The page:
The paper reports the results of a geomorphologic and stratigraphic study of the NW portion of the Upper Tiber Basin (Central Italy), and focuses on the terraced alluvial deposits which are grouped into late Middle-Upper Pleistocene (MUP) and Holocene (HOL) units. The drainage development in the basin was deeply influenced by an active tectonic setting characterized by orthogonal fault systems, which forced river deviations and attracted alluvial deposition in the subsiding portions of the basin. The occupation of this intermountain territory by ancient human communities is recorded by late Prehistoric-Protohistoric archaeological findings collected within or on the surfaces delimiting these units. This archaeological dataset allowed an indicative dating of the major stages of the fluvial evolution between the end of the middle Pleistocene and the late Holocene. The chronological constraint indicates that the morphostratigraphic events recorded in the MUP and HOL units, have reasonably occurred within the two last glacial-interglacial cycles. Rapid climate changes, affecting the surface hydrology and the sediment supply to the river systems, and the active tectonic setting, thus, may account for the gaps in the local archaeological record, including most of the late Paleolithic, the Mesolithic and the early Neolithic. Late Pleistocene and the early Holocene stages of relevant alluvial deposition in a subsiding basin may have caused the burial of the missing cultural stages or may have prevented the human occupation of hydraulically unsafe valley floors.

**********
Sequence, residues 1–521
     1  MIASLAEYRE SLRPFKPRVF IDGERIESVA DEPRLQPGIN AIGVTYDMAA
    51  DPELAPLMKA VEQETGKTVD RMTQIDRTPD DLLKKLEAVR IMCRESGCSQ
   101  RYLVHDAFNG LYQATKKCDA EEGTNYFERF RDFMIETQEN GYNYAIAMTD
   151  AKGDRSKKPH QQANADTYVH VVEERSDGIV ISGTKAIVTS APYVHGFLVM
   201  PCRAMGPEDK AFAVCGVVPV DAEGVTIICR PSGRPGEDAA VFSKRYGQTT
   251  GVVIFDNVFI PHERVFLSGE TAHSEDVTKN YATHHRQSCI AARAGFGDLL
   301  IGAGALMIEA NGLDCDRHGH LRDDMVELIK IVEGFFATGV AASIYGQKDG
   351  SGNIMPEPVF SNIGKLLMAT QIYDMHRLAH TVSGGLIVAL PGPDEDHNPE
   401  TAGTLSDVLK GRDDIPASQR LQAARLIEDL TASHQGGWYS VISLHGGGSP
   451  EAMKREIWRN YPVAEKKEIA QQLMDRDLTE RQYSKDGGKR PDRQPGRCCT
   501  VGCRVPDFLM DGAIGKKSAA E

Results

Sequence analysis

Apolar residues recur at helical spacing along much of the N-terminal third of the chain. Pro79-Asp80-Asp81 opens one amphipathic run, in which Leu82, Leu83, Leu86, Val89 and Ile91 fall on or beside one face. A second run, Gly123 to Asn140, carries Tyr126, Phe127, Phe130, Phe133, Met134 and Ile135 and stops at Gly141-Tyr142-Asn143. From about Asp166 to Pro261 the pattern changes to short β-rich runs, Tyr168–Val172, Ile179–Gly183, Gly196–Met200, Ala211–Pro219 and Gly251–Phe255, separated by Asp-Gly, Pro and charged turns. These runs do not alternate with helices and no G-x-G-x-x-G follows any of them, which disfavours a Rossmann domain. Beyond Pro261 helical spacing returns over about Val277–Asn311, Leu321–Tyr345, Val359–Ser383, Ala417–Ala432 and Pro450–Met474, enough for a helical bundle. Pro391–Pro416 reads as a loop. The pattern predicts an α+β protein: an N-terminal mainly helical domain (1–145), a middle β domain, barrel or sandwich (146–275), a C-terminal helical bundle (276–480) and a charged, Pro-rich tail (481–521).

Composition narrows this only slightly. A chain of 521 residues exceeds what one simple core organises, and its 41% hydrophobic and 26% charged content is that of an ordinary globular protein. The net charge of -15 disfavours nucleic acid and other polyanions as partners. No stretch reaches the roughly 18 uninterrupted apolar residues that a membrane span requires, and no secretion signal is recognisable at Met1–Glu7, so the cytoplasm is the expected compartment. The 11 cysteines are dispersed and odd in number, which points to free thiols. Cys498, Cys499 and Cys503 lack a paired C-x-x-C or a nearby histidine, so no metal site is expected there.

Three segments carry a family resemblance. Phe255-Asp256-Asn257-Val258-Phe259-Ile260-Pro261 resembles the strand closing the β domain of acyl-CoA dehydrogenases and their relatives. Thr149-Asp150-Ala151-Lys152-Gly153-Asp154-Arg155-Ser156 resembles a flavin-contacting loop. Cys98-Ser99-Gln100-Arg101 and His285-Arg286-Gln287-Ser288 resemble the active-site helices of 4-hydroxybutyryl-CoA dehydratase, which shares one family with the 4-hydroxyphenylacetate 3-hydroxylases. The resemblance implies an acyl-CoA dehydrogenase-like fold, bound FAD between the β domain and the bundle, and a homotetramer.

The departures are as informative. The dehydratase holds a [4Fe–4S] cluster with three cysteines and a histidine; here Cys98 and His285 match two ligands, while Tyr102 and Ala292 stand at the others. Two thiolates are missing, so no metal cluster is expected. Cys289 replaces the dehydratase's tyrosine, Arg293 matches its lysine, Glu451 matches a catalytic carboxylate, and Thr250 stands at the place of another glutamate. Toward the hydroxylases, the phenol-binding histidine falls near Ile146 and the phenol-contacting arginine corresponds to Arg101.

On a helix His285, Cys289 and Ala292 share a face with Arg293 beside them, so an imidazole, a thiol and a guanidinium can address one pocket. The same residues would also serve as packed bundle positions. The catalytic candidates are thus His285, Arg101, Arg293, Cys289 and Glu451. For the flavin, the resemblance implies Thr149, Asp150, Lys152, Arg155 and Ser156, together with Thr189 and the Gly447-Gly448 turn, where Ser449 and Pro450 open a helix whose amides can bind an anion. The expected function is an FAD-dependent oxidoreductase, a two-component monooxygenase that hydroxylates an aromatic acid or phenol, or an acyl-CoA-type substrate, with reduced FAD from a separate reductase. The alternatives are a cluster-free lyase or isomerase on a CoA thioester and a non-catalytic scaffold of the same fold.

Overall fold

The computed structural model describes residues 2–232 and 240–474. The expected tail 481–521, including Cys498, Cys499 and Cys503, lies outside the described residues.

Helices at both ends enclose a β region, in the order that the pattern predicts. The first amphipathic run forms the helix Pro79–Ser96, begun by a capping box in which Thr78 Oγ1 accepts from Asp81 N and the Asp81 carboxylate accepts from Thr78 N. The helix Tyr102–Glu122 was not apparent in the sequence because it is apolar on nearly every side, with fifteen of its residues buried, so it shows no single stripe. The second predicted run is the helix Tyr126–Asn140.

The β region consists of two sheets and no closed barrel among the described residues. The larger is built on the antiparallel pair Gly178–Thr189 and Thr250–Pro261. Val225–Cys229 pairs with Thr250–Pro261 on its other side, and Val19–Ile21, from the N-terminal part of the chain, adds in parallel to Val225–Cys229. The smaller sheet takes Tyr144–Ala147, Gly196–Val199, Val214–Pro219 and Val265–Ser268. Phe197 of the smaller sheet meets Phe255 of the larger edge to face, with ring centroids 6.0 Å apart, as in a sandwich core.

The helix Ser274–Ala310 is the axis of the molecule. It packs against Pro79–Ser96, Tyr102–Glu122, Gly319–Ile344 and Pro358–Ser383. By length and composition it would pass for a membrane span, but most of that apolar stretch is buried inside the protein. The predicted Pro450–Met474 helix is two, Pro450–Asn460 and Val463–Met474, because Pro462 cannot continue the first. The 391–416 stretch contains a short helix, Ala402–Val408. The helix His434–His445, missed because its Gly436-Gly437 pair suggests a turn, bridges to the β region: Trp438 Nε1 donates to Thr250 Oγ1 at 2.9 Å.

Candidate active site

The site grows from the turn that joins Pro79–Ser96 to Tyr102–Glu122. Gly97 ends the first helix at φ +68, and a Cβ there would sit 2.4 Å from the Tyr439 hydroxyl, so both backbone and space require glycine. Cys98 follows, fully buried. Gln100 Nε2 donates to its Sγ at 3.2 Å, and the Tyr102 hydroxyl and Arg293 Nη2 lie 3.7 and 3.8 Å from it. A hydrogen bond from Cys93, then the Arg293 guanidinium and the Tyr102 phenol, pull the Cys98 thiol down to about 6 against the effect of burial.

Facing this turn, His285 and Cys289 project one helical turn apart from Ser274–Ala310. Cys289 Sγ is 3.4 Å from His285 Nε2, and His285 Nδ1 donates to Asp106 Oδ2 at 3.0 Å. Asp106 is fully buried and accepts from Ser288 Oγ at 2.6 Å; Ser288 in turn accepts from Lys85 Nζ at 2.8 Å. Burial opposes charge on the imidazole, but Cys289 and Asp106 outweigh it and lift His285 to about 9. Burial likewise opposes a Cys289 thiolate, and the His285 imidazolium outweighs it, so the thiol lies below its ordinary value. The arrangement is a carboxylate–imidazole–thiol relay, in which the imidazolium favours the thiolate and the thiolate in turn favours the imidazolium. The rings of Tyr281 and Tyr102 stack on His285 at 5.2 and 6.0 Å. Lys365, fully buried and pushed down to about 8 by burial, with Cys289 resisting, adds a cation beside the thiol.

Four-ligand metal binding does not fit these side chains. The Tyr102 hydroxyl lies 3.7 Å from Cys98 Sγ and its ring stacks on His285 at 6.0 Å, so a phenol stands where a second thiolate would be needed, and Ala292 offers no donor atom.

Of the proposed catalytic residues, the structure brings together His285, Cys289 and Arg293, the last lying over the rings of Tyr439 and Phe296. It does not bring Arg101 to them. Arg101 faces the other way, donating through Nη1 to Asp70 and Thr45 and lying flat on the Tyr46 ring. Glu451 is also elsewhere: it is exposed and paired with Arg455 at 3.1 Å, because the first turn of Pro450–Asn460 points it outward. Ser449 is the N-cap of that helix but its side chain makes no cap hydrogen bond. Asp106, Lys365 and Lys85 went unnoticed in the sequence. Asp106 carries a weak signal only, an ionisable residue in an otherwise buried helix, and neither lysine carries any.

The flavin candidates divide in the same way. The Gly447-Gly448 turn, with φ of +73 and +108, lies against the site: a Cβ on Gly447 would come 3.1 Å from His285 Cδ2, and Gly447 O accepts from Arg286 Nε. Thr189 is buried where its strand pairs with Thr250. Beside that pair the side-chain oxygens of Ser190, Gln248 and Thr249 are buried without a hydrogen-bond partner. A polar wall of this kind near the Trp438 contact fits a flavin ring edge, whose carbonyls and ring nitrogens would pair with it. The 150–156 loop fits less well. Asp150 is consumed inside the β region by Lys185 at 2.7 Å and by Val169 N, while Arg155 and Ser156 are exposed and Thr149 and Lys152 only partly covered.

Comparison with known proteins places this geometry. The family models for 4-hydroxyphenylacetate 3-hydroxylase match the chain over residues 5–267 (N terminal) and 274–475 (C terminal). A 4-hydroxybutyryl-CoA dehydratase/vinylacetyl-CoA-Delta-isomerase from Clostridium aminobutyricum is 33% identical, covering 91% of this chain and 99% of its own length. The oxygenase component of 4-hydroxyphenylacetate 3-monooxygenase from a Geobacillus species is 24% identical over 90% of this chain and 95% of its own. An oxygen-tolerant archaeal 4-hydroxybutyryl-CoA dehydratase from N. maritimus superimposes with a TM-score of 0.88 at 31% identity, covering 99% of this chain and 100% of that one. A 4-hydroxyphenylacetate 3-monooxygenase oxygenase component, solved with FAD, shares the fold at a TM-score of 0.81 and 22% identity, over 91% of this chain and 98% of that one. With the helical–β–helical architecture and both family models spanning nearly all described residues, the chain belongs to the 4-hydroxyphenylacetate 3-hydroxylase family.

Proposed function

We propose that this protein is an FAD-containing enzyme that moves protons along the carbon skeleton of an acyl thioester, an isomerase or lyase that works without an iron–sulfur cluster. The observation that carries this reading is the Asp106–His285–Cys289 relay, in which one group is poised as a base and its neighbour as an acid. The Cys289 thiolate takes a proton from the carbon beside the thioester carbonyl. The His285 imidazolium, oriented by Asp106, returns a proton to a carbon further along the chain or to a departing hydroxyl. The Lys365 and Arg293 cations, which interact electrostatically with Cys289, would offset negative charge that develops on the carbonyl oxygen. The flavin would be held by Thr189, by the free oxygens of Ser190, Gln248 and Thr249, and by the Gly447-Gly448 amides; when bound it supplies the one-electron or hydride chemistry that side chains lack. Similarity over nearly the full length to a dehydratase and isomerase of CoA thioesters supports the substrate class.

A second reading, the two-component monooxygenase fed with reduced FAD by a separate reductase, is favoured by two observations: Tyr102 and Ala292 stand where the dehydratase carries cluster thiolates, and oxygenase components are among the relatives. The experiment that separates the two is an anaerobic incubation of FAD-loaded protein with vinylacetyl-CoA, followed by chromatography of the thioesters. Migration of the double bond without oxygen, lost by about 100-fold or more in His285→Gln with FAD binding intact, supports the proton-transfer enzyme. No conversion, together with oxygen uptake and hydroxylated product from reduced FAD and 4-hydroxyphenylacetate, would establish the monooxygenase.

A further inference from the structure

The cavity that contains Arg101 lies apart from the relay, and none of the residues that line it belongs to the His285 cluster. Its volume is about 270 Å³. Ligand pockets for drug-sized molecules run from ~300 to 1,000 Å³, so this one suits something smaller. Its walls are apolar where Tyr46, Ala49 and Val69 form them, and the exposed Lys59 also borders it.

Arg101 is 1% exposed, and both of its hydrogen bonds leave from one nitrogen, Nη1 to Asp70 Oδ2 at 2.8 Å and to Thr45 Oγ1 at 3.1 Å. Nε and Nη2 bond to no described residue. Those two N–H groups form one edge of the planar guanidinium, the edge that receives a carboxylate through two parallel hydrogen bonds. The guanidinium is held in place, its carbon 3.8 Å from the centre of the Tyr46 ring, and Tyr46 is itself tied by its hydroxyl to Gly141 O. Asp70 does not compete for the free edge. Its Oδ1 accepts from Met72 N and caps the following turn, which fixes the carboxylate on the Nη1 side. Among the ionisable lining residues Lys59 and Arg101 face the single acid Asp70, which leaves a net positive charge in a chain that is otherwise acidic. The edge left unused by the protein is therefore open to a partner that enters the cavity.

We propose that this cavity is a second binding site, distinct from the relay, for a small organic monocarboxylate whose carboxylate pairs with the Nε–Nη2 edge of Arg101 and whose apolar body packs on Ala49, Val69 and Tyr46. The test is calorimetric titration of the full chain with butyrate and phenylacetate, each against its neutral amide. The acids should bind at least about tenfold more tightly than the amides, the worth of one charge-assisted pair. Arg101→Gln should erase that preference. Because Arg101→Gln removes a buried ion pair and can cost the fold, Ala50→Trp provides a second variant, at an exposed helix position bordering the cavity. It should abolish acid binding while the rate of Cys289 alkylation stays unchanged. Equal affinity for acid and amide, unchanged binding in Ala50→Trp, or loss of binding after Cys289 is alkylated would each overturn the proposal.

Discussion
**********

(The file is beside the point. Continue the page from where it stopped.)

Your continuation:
Alluvial terraced deposits, Intermontane basin, Archaeology, Middle Pleistocene-Holocene, Central Italy.